Like Ethereum, EOS strives to create and distribute decentralised apps using a blockchain-based system. At the same time, however, it wants to improve Ethereum by, firstly, making it easier to understand and more accessible to a wider group of users and, secondly, by making it faster, cheaper and easier to manage. This page will explain this further.
EOS (EOS) Chart
Decentralised operating system
One key feature of EOS is that, as opposed to Ethereum, users do not necessarily need advanced coding knowledge in order to create their own applications on the platform. Instead, the system has an inbuilt operating system of specific routines and commands to do things with the blockchain, such as the programming of smart contracts, which is made easier in this way. This also means small bugs can easily be avoided or fixed.
Because this works in a multithreaded way, such blockchain commands can also be carried out in parallel, which makes the system far faster. Whereas Bitcoin can take up to thirty minutes to verify commands on the blockchain, EOS strives to do this in under two seconds.
Another improvement carried out by EOS is connected to parallel processing on a wider scale: just like multiple commands can be verified simultaneously on the blockchain, so applications can also each be frozen separately by their developers, according to the rules which they themselves have programmed into their applications. They are therefore able to create applications that are uneditable even by themselves if they wish, or they can include space for future updates.
This also means the system is upgradeable without use of a hard fork, which was the only solution during the TheDAO crisis in Ethereum in 2016. At this point, due to hacking issues, the entire system was split into two because it could not easily be upgraded and the rules changed; since EOS can freeze part of its infrastructure while allowing other parts to run on, this would never happen within EOS.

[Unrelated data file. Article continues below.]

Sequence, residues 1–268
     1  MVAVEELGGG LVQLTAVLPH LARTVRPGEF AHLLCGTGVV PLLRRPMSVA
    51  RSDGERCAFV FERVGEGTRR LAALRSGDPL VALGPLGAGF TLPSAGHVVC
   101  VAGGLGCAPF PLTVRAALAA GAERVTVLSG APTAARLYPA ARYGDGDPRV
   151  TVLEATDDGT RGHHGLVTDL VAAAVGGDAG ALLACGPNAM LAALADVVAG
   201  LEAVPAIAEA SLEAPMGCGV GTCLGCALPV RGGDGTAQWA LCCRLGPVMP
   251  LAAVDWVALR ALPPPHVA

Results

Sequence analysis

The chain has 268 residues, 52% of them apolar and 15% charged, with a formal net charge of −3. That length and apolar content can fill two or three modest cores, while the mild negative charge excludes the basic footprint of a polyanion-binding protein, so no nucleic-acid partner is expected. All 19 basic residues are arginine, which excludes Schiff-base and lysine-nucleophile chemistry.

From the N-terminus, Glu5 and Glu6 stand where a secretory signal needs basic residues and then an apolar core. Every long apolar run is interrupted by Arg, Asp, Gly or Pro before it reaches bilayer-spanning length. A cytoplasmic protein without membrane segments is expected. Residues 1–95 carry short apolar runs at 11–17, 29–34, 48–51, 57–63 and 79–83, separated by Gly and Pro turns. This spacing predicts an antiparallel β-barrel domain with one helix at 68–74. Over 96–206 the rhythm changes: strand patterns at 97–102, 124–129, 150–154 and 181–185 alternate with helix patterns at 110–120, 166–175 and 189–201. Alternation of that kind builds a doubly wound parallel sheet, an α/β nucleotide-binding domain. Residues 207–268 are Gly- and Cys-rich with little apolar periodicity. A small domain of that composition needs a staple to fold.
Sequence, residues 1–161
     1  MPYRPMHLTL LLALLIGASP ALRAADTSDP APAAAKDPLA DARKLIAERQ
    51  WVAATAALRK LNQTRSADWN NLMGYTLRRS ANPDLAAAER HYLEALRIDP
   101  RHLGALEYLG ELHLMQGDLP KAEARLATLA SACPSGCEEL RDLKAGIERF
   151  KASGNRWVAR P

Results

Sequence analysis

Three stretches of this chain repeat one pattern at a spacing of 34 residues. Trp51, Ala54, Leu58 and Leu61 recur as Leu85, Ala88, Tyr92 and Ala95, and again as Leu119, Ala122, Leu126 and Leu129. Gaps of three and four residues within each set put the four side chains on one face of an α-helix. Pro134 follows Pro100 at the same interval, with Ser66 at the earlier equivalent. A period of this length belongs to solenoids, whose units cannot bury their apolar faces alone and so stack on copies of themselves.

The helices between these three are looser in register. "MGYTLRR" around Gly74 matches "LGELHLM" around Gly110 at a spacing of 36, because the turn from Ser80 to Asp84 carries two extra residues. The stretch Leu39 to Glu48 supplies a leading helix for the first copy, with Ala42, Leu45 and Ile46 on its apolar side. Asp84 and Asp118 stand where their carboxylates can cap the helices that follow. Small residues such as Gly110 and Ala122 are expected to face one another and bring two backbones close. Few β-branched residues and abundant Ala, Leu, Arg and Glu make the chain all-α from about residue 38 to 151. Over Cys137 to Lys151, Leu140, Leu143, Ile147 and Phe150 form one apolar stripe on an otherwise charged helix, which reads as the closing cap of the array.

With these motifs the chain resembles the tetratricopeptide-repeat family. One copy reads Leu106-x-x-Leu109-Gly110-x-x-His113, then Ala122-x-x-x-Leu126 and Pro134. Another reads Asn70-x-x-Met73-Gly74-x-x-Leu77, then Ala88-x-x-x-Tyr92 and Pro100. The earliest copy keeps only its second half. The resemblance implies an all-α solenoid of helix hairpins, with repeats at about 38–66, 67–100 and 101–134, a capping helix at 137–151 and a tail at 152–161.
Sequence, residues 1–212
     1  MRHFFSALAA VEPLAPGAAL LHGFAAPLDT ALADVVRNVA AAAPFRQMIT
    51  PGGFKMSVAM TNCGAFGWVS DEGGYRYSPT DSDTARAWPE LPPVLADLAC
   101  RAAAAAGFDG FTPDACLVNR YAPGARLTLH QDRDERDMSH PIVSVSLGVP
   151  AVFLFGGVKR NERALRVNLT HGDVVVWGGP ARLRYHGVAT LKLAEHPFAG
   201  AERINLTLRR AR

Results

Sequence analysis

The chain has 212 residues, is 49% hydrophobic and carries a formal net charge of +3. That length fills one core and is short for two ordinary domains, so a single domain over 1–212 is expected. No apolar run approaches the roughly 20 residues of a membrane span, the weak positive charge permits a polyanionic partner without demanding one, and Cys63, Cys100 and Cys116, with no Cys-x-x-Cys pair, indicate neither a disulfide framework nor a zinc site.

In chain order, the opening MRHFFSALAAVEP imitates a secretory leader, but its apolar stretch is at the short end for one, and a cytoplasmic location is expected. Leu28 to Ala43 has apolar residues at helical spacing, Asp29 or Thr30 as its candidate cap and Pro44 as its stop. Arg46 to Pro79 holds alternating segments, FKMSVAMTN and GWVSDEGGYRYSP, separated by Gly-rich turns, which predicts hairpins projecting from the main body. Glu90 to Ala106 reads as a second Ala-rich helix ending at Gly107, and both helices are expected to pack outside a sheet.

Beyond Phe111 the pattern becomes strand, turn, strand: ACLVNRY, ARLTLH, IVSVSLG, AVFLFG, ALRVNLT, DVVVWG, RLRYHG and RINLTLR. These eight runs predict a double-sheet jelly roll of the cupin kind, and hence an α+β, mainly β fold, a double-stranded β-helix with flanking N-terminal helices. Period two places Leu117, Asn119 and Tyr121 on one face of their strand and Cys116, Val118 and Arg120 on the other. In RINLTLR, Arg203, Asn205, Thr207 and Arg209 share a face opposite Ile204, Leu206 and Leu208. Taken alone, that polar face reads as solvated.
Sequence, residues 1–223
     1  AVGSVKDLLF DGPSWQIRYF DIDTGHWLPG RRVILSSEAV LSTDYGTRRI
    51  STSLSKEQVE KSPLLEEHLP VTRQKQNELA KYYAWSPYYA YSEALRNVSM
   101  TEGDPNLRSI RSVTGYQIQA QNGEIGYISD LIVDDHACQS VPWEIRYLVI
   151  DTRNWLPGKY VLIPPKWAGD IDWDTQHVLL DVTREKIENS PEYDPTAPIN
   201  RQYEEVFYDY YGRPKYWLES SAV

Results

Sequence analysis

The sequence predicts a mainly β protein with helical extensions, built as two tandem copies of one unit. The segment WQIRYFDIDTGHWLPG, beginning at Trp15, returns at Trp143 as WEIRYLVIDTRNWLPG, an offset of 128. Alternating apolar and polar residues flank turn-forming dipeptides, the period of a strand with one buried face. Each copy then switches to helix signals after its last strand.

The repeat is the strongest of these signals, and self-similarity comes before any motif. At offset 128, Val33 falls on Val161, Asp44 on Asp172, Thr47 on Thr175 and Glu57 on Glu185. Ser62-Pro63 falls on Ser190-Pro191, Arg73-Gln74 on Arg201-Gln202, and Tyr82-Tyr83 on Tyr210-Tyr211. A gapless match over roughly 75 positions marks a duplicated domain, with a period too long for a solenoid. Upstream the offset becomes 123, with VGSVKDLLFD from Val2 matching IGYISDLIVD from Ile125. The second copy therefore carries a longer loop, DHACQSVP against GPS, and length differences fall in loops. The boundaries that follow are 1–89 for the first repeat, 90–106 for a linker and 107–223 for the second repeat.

EOS tokens: distribution
Another major difference between EOS and Ethereum is the way the native currency of the EOS system, the EOS, works.
EOS cannot be mined, but could be acquired from the developers during the so-called distribution period, which spanned 341 days. One billion EOS tokens were distributed over the course of this time, with 100 million of these preserved for use by block.one, who are the developers of the system.
Of the other 900 million tokens, 200 million were distributed during the so-called “first period”, i. e. the five days of the distribution period, and the remaining 700 million were split evenly into 350 consecutive 23-hour periods selling 2 million tokens each, starting on 1 July 2017. This system was developed to allow the widest possible group of people access to EOS tokens.
EOS tokens: use
As opposed to what happens within Ethereum, these tokens cannot be used by people who simply wish to use applications within the EOS system. On this level, EOS is 100% free, which has the great advantage that it has the potential of attracting a wider range of users to the system.
EOS tokens are only used by developers, who actually wish to make decentralised apps, and even these do not need a running supply of the currency. They can simply buy whatever amount of EOS they need to establish the apps they wish to make and distribute, and these EOS then function as fuel for these apps in perpetuity. This makes the EOS system extremely attractive to developers, as well.